How hard are Benjamin's works in german? My german is pretty rusty since I haven't used it for a couple of years. I am really interested in his works though, but the only complete anthologies are in the original language.
Also, can someone recommend me some relatively accessible literature in german? I am going to uni next year and would be nice to have my third language freshened up.
That's what I gathered.
Currently going through Den Begriff Der Geschichte, the original text in one pdf and translation in the other. Not as bad as I feared, but it is going to be really long, tiresome reading. Would be easier to read in translation.
But already from going through a few paragraphs it is apparent that certain nuances simply get lost in translation.
No rec's on good german lit?
Why does /lit/ allow and never delete threads about obvious left wing philosophers and writers, but immediately tanks and deletes anything remotely right wing?
I don't want serious conservative thinkers to be refered to the /pol/ echochamber of alt right buzzwords who reduce everythin to silly (((zion))) conspiracy theories.
I recently read The Things They Carried and I thought it was a phenomenal book. I'm wondering if there's similar works out there? I haven't checked out any of Tim O'Brien's other books or stories yet, but that's pretty high on the list.
Pic related - Speaking of Courage was probably one of my favorite stories.
Dalton Trumbo - Johnny Got His Gun
Stream-of-consciousness, told from perspective of a WWI soldier who lost all four limbs, his eyes, ears, nose, and mouth to a mortar. I found the first 95-100 pages to be kind of dull and repetitive, but it very quickly picks up at that point. Highly highly recommend.
What is the best argument against aesthetic relativism?
Any books about raves, specifically the underground rave scene?
<What book will give me these feelz?
Was it autism?
A carpenter, if he wants to be a good one, does he measure everything with great exactitude, three or four times in a row? And if a jeweler or a smith does the same, can we not say they want to be good at what they do? And do they not draw the envy of those carpenters, jewelers and smith who are lazier than them, and measure everything only once or twice? Well, my dear anon, an autist is someone who wants to be good at everything and consequently draws everyone's envy and hate.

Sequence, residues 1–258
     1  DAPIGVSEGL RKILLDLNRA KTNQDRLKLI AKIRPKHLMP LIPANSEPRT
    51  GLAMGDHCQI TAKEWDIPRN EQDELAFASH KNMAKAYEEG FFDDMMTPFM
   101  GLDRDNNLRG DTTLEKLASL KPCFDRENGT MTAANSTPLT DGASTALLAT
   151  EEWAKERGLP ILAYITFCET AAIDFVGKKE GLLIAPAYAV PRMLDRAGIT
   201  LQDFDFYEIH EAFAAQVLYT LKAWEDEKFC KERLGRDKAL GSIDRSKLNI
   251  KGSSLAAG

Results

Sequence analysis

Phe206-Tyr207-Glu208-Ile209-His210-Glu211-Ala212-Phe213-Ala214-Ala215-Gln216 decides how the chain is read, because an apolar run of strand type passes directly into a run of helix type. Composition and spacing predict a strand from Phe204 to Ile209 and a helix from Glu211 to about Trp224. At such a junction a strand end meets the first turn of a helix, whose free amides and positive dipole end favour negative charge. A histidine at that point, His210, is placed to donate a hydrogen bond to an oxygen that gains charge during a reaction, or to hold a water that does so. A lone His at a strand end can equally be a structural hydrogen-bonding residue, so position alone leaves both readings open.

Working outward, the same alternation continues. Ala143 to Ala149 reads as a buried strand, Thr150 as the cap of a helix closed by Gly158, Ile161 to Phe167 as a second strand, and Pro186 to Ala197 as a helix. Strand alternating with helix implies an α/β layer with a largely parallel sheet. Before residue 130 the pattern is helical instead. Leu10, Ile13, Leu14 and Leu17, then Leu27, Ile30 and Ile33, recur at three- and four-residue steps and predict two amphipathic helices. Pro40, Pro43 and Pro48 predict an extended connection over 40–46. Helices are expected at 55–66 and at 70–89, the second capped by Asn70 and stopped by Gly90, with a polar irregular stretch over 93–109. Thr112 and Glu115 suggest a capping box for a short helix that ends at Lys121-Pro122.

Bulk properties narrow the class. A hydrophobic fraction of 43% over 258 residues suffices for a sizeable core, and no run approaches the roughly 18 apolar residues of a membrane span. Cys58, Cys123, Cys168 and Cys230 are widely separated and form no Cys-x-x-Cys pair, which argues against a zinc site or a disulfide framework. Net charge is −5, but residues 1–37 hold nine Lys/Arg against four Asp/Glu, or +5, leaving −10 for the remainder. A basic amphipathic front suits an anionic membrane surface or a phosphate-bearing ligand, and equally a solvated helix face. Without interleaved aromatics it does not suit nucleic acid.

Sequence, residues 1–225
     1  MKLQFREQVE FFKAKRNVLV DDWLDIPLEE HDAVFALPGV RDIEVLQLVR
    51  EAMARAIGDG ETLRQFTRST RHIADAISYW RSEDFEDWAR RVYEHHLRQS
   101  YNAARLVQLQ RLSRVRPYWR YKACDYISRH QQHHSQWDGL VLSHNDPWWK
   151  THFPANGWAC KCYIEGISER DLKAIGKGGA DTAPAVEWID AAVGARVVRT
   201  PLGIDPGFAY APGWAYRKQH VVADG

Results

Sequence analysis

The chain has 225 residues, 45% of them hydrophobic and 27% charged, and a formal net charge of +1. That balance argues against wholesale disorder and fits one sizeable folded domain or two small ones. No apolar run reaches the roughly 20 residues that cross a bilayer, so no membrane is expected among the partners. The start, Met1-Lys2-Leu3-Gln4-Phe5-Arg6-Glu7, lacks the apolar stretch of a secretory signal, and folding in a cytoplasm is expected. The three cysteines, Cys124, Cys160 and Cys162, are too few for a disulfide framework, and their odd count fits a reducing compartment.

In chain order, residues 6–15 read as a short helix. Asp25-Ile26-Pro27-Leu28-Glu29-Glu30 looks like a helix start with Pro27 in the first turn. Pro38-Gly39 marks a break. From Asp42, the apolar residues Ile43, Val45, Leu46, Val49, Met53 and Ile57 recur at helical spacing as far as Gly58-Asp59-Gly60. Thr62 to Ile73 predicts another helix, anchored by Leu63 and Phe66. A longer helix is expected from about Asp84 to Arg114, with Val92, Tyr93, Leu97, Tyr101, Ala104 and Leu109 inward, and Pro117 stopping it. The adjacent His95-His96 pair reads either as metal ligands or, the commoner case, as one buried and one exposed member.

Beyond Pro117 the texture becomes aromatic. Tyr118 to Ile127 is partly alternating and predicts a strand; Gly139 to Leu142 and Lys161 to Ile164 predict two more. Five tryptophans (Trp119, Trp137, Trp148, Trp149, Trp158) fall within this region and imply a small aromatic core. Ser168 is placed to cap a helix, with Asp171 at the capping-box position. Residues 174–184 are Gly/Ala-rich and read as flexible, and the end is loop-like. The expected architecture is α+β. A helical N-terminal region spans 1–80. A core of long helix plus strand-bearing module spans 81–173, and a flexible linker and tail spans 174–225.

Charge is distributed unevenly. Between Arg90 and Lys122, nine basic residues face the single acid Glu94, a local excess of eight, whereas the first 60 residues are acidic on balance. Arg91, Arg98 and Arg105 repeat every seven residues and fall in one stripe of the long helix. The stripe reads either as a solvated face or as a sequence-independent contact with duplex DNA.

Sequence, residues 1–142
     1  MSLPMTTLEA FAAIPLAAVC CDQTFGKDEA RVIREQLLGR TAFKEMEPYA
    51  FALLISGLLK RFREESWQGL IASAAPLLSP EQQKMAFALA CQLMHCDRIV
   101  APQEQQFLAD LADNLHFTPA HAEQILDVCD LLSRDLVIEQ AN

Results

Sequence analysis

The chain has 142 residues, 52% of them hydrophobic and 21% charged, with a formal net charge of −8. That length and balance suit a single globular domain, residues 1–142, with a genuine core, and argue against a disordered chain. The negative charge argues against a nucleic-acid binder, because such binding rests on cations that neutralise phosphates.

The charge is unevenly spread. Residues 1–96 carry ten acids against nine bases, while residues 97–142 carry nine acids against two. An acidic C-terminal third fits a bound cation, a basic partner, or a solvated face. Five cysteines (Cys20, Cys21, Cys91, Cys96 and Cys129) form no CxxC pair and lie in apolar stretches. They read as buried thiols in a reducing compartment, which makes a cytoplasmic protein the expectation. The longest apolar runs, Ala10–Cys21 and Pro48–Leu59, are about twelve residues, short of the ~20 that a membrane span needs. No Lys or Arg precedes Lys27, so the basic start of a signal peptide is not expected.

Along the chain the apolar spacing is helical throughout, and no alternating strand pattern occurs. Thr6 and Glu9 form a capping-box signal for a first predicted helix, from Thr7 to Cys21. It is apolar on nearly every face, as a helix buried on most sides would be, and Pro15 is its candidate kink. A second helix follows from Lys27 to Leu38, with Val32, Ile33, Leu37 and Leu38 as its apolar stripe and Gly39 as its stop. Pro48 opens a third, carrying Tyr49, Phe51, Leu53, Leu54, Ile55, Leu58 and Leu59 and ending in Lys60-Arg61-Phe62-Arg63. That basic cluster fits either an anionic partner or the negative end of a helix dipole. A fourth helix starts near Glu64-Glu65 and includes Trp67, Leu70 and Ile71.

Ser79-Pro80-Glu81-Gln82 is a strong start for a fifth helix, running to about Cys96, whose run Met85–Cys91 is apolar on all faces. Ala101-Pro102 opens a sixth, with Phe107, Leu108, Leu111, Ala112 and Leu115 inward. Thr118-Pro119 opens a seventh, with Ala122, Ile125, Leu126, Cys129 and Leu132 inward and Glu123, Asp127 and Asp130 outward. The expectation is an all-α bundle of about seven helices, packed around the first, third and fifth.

>my pointless life is justified and i can die happy because i wrote some unfinished book that edith is gonna throw out with the trash
woah, real "enlightening"
He finished the book and had it published OP. He also had a midevil antique he would have loved donated in his name to his heaven on earth (where he spent his whole life) and had dedicated to him a work he valued more than whatever Pynchon you've been getting wet over recently. These three works alone, without the frequently stated fact that he was indeed happy despite all of just horrible misfortune, can tell he that he was just in feeling that he was no failure.
Who's the most important thinker alive right now? (Besides Sam Hyde)
What do you think Farage and Zizek talked about?
Is there any really good reason to read ancient Greek philosophy? Most of the time it's people trying to explain things that we, in 2016, already fully understand. Sometimes it can be insightful, but overall I find it very tedious.
Perhaps it's not of a fault of the object that it doesn't seem to meet you, though I'm not implying you have a faulty expectation either. You two have crossed paths and couldn't understand each other. Perhaps another time. That is, if only you allow yourself to go on to other things accepting you don't know it for the time being.
Greek mythology taking place in the modern world (Percy Jackson) is the best theme since Celtic culture taking place in a fantasy land (LotR).
What's some easy literature in French? I studied some back in highschool and I'd like to get back with it.
What's the dealio with the two Aiases? I read somewhere that there was originally one, then he turned into two "local" heroes in separate traditions, then those two were both merged into the "main" tradition again, but now as two separate characters instead of the original one. They do suspiciously stick together a lot.
Are there any other theories about them?
It's a bit of a misunderstanding, really. Homer had quite the...affinity, let's say, to honey-sweetened Chios wine in his later years. He wrote Aias as the son of one Telamon (he loved making up these ridiculous names). He then forgot about that, and also about making Aias this big, brawny bear kinda guy, and when he wrote the next scene he had Aias as a twink-like, weasly fellow, the son of Oileus ("the oily", further reference to his sneakiness and androgyny). He had greenlighted the proofs for...
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Hey there /lit/.
I'm going to try to make this as clear as possible.
I'm looking for a book that will make me better understand people. I remember lurking a while ago and someone mentioned a book that "completely changes the way you look at people and conversations". I've only so far read essentials so I'd like to try something new.
Every book is life-changing in a minute way if you REALLY read it, OP.
Revolutionary personal growth is the biggest meme in the universe and I'm not one of those people calling everything "memes" and "buzzwords". But, seriously, you identity (and thus also your perception of people and the world) changes at a pace so slow you are bound to perceive it as being always the same (otherwise we wouldn't have the notion of "identity" in the first place). Yet in retrospect it's...
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